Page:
As this is my final semester in the Art History/Museum Studies program, I am thrilled with my placement at Lethbridge City Hall in Recreation and Culture as a Public Art Intern for my third internship. In my previous experiences, the internship program has allowed me to assess the differences between a gallery collection and a museum’s. The invaluable skills I have gained from my past placements will support me in taking on a more advanced project with the City of Lethbridge. More importantly, this project will bring my education full circle since I have the opportunity to exercise the skills I have gained more independently, which marks how instrumental the Museum Studies is.
During my time with the City I will develop a cataloguing system for the public art collection that can be adopted by whomever takes over the project My tasks include confirming all known and unknown locations of the art. This will allow me to build an accurate inventory that consolidates textual information with accompanying imagery. Additionally, I can build a labeling system to help track the movement of each installed artwork and any works gifted to the City in the future. Although this project is quite extensive, I hope to reach the stage of photographing and creating condition reports for each work. In all eventuality, I want to leave a descriptive plan of action for any successors to the project.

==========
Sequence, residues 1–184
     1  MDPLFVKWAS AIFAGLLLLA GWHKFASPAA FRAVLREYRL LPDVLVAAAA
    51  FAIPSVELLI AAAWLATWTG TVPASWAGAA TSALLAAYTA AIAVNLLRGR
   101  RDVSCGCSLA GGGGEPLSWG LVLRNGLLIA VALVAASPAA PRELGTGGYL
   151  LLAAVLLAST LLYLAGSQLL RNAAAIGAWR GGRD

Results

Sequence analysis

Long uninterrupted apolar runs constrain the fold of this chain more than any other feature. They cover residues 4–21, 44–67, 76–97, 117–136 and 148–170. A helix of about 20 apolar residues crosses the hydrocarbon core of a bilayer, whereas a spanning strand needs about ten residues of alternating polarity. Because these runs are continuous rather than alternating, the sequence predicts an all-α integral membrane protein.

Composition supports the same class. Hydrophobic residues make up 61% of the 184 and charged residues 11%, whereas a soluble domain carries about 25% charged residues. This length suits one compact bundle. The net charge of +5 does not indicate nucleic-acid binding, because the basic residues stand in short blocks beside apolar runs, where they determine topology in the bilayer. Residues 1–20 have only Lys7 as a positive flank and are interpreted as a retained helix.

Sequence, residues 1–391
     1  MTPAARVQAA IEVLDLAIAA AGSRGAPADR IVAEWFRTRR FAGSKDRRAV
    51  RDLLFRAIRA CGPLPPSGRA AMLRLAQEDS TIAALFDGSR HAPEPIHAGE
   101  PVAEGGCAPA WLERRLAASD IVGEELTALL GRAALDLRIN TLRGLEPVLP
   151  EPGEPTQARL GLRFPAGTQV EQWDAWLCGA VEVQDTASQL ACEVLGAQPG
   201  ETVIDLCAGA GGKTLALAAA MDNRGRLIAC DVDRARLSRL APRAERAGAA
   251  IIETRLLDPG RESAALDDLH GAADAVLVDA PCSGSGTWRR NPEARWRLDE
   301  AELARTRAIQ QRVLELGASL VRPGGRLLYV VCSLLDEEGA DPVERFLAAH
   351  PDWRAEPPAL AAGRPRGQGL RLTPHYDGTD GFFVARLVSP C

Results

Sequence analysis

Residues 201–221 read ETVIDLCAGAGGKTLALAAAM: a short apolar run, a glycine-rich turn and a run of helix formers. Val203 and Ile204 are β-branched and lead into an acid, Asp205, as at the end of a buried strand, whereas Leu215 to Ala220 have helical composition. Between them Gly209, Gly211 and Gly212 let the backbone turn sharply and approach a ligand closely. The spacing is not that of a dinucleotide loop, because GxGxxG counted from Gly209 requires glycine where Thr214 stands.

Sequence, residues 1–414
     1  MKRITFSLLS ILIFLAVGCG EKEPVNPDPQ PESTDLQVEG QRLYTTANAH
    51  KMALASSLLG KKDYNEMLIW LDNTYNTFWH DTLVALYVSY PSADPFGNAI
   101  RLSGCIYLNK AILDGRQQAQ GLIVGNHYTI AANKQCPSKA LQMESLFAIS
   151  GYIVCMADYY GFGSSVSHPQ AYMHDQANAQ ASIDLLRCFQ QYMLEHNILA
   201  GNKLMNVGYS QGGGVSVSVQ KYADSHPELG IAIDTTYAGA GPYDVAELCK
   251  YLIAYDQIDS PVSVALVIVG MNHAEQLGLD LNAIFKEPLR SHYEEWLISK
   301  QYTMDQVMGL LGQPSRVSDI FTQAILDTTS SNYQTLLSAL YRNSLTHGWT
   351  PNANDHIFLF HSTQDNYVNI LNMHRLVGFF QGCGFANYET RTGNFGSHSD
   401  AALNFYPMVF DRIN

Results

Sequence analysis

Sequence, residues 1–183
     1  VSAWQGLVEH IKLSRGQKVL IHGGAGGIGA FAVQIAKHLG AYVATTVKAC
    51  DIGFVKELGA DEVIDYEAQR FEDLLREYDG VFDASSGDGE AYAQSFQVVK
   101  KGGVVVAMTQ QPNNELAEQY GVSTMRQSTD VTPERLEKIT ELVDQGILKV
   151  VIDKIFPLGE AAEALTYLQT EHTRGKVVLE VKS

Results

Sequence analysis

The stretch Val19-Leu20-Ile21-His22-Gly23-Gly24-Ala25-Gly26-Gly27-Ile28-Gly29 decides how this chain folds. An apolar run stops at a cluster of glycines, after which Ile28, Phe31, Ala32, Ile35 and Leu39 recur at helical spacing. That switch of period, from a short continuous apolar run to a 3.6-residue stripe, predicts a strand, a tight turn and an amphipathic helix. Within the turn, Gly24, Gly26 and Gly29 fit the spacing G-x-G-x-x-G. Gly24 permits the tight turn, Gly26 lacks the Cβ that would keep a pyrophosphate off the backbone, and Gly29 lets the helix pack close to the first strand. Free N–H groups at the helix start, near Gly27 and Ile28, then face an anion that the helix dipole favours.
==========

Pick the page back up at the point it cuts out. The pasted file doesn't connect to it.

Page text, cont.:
My time with the City will also be a chance to expand on my knowledge of public art collections and get hands on experience concerning how art that is installed permanently in the public differs from art in a gallery or museum setting. Moreover, experiencing an environment that I expect is far different from that of my first two internships will expand my experience positively for future job opportunities. I also see this chance as a way to learn about the collections history with the City of Lethbridge, and the individual histories of the artworks in question. By engaging with this history I can connect further with a city I have called home for almost two decades, which for myself bolsters my pride for my community in its dedication to the arts, and as a whole.